Christmas in the Boss's Castle

By: Scarlet Wilson



She was quite beautiful. Her hair must be long when it was down. Her fitted shirt showed off her curves and, although every part of her body was hidden, the white apron accentuated her slim waist and long legs.

She blinked and then spoke again. ‘Clio doesn’t take kindly to her staff being yelled at.’

‘I didn’t yell,’ he replied instantly.

‘Yes, you did,’ she said firmly.

She bent down and picked up the broken strand of lights. ‘I’m sorry you don’t appreciate the Christmas decorations. They are all your own—of course. I got them from the basement.’ She licked her lips for a second and then spoke again. ‘I often think hotels can be a little impersonal. It can be lonely this time of year—particularly for those who are apart from their family. I was trying to give the room—’ she held up her hands ‘—a little personality. That’s all. A feeling of Christmas.’ It was the wistful way she said it. She wasn’t trying to be argumentative. He could tell from the expression on her face that she meant every word.

His stomach curled. The one thing he was absolutely trying to avoid. He didn’t want to feel Christmas in any shape or form. He didn’t want a room with ‘feelings’. That was the whole point of being here.

He wanted The Armstrong to look sleek and exclusive. He’d purposely removed any sign of Christmas from this hotel. He didn’t need reminders of the time of year.

For the first time in a long time he felt a tiny pang of regret. Not for himself, but for the person who was standing in front of him who clearly had demons of her own.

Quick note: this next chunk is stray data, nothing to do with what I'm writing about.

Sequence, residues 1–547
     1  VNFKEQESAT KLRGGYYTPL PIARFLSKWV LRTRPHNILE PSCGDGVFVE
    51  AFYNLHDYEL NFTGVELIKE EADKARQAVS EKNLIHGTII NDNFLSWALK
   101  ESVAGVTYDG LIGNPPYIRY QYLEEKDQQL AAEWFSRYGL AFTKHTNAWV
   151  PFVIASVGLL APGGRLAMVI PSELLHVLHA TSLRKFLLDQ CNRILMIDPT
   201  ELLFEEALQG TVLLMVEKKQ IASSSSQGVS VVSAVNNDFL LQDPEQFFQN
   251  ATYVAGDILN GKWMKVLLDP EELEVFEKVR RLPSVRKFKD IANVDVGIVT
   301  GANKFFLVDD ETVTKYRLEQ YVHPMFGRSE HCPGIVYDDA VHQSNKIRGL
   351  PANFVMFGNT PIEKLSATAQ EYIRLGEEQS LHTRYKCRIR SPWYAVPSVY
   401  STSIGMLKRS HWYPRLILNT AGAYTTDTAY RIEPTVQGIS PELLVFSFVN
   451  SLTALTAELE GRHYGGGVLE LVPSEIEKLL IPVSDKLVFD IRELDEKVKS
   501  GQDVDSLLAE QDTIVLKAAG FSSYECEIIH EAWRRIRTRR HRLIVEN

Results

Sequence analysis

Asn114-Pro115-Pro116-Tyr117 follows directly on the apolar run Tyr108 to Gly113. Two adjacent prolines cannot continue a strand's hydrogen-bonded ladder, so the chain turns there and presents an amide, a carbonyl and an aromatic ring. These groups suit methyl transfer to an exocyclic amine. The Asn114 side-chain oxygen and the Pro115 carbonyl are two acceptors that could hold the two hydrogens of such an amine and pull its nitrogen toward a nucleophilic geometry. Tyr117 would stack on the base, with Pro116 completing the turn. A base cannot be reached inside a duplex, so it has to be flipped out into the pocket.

She pressed her lips together and started picking up the other decorations. She could move quickly when she wanted to. The red baubles were swept from above the bathroom mirror—he hadn’t even noticed them yet. She stuffed the small tree awkwardly into the linen bag on her trolley. The bowl with—whatever it was—was tipped into the bin.

Her face was tight as she moved quickly around the penthouse removing every trace of Christmas from the room. As she picked up the last item—a tiny sprig of holly—she turned to face him.

‘What is it you have against Christmas anyway?’ She was annoyed. Upset even.

He didn’t even think. ‘My wife is dead and Christmas without her is unbearable.’

No one asked him that question. Ever. Not in the last five years.

Everyone tiptoed around about him. Speaking in whispers and never to his face. His friends had stopped inviting him to their weddings and christening celebrations. It wasn’t a slight. It was their way of being thoughtful. He would never dream of attending on his own. And he just couldn’t bear to see his friends living the life he should have with Anna.

The words just came spilling out unguarded. They’d been caught up inside him for the last five years. Simmering under the surface when people offered their condolences or gave that fleeting glance of pity.

‘I hate Christmas. I hate everything about it. I hate seeing trees. I hate seeing presents. I hate seeing families all happy, smiling at each other. I don’t need any reminders of the person missing from my life. I don’t need any at all. I particularly don’t need some stranger digging through my belongings and taking out the last thing I have of my wife’s—the only thing that I’ve kept from our Christmases together—and laying it on my pillow like some holy talisman. Will it bring Anna back? Will it make Christmas any better?’ He was pacing now. He couldn’t help the pitch of his voice. He couldn’t help the fact that the more he said, the louder he became, or the broader his Scottish accent sounded. ‘No. No, it won’t. So I don’t do Christmas. I don’t want to do it. And I don’t want to discuss it.’

He turned back around to face her.

She looked shell-shocked. Her eyes wide and her bottom lip actually trembling. Her hand partially covering her mouth.

He froze. Catching himself before he continued any further.

There were a few seconds of silence. Tears pooled in her eyes. ‘I’m s...sorry,’ she stammered as she turned on her heel and bolted to the door.

Finlay didn’t move. Not a muscle. He hadn’t even taken his thick winter coat off since he’d arrived.

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